By Maria Alcantara


As Fall ’21 registration is opening up, students are seeing in-person listings of  their classes appear. While many are excited to return to the college life they know, there’s a catch: All students attending classes next semester are required to have the COVID-19 vaccine. 

Rutgers made headlines for being one of the first large public universities to mandate immunization, though it seems the announcement has created more questions than it has answered. How will the university enforce this new rule? How accessible and practical is this move for the student body as well as staff and faculty members? 

The coronavirus vaccine will be joining the list of required immunizations already established by the university for students such as Measles, Mumps, Rubella (MMR), Meningitis, Tuberculosis, and Hepatitis B. For those looking to live on campus, the same consequences of not being vaccinated such as not receiving a room assignment or room key will follow.

“With limited exceptions, all students planning to attend the Fall 2021 semester must be fully vaccinated,” said Rutgers President Jonathan Holloway. “We are committed to health and safety for all members of our community, and adding COVID-19 vaccinations to our student immunization requirements will help provide a safer and more robust college experience for our students.”

According to Brian Strom, chancellor of Rutgers Biomedical and Health Sciences and executive vice president for health affairs at Rutgers, immunization records will be stored in each student’s file just as states and territories have long been keeping track of childhood vaccinations, with COVID-19 information being shared with the CDC for record-keeping and demographic study. While many have considered the possibility of vaccination cards being used as a “vaccination passport”, students can rest assured that they won’t need to lug their vaccine cards around campus.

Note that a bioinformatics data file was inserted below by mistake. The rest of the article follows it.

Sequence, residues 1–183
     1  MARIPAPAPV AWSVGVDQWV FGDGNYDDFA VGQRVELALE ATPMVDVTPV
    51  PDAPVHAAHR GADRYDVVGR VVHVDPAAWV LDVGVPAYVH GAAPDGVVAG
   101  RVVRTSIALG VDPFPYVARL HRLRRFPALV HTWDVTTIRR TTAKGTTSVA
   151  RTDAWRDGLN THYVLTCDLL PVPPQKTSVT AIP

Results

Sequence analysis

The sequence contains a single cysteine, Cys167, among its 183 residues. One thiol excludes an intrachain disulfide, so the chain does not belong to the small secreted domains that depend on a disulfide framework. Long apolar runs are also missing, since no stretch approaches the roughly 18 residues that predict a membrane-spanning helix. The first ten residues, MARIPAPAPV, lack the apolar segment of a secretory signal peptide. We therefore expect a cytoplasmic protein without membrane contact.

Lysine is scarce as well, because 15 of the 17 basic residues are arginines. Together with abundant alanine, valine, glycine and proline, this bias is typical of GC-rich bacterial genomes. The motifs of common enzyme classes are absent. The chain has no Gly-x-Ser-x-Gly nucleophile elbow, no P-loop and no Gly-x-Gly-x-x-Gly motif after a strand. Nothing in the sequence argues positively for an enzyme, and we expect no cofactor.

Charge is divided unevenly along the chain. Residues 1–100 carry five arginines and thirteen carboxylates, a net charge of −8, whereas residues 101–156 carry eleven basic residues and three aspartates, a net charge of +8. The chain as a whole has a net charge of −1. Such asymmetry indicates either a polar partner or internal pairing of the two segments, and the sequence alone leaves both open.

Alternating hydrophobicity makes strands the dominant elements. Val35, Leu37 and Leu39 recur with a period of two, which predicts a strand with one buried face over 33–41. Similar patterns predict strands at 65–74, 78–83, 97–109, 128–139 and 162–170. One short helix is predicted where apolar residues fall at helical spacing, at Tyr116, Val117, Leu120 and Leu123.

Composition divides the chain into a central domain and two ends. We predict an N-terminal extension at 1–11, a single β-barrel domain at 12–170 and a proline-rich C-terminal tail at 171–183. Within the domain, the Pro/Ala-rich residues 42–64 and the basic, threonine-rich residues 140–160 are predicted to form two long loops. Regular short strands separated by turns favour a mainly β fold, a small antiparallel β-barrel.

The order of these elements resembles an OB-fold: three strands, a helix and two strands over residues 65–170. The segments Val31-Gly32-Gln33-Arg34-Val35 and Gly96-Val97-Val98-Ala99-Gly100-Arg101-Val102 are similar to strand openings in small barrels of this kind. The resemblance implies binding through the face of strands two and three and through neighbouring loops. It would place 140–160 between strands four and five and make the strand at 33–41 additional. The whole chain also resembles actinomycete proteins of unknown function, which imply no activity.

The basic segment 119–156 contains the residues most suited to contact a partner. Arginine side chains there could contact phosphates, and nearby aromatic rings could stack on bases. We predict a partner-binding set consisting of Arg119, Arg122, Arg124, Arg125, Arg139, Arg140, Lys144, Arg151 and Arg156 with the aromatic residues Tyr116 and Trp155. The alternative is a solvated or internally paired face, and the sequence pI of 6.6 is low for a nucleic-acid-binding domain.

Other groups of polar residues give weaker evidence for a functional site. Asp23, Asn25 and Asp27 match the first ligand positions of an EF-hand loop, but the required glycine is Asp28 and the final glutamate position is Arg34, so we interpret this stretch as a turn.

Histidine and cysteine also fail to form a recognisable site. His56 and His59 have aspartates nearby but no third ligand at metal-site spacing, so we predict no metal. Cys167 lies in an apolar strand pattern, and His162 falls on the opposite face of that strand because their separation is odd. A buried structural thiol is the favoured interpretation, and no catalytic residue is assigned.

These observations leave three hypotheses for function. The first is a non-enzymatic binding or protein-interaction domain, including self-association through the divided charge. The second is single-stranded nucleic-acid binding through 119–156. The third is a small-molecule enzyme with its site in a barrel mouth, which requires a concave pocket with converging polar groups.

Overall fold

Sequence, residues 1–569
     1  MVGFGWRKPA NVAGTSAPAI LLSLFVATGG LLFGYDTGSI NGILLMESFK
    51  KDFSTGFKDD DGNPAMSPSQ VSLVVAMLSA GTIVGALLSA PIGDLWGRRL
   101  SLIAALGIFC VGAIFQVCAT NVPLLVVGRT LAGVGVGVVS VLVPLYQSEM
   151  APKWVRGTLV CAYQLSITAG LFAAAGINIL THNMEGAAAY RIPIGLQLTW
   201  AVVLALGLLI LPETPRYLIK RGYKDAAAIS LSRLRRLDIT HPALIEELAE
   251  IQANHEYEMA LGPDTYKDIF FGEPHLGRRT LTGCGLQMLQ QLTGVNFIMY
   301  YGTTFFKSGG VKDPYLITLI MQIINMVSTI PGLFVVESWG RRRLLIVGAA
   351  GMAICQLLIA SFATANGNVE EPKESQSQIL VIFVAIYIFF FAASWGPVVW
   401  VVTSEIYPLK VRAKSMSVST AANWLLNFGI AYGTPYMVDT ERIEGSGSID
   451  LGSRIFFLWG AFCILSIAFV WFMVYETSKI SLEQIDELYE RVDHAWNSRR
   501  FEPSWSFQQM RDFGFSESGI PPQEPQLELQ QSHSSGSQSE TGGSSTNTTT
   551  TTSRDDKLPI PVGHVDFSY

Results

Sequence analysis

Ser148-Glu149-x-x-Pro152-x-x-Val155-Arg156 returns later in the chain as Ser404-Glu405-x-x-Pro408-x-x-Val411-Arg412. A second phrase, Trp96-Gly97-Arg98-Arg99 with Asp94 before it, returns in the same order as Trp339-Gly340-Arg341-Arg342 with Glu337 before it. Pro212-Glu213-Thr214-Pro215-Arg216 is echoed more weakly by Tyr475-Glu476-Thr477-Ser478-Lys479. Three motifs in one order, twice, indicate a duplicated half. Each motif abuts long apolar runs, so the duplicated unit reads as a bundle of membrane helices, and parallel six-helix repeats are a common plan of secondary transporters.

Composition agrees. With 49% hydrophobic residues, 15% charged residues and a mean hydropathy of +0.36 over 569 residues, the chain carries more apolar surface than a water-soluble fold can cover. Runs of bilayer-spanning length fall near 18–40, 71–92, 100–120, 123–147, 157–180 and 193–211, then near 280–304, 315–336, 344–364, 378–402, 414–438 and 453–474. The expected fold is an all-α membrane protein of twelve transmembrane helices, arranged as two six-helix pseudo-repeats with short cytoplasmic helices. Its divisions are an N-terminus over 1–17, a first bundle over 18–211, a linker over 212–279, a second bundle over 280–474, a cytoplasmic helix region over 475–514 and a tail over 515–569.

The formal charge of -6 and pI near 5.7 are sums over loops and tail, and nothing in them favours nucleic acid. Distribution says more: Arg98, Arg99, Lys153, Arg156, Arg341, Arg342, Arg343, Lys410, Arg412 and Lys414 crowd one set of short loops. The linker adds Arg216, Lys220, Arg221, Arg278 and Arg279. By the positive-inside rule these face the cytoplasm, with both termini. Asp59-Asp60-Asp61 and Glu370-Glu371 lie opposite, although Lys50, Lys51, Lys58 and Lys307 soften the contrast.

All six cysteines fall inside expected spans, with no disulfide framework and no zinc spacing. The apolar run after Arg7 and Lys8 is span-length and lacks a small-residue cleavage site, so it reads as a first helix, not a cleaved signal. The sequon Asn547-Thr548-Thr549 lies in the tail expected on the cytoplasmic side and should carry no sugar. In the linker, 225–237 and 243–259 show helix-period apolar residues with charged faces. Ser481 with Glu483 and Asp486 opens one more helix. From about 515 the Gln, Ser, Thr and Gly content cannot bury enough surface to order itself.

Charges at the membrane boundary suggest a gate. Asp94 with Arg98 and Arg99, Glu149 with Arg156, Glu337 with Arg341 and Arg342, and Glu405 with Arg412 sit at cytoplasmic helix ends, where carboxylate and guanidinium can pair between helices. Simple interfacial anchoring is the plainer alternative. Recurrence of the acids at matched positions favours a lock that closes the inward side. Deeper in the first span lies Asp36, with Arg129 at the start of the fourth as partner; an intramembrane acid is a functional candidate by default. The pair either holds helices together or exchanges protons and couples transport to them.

Exceptions to getting vaccinated include medical and religious reasons as well as continuing to pursue an online-only program as the university has provided since before the start of the pandemic. As for those who will not be vaccinated by next semester but need to be, the state has given Rutgers approval for administering vaccines on-site to faculty, staff, and students once supplies are made available. This move will be integral for international students unable to receive the vaccine abroad.

Antonio Calcado, executive vice president and chief operating officer at Rutgers states, “Since the start of the pandemic, we have said that the safety of the Rutgers community is a shared responsibility. An effective vaccination program is a continuation of Rutgers’ commitment to health and safety for all members of our community of more than 71,000 students, the cities we are in and the communities we serve throughout New Jersey.”The news came just before all federal sites in the US paused the use of all Johnson & Johnson covid vaccines amidst fear that the single dose option could possibly be linked to a rare form of blood clotting. While Rutgers is advising its underage students to receive the Pfizer vaccine, it seems the Moderna vaccine is a good alternative, as well as the Johnson & Johnson shot, which is now heading back into the rotation, with a warning about possible side effects.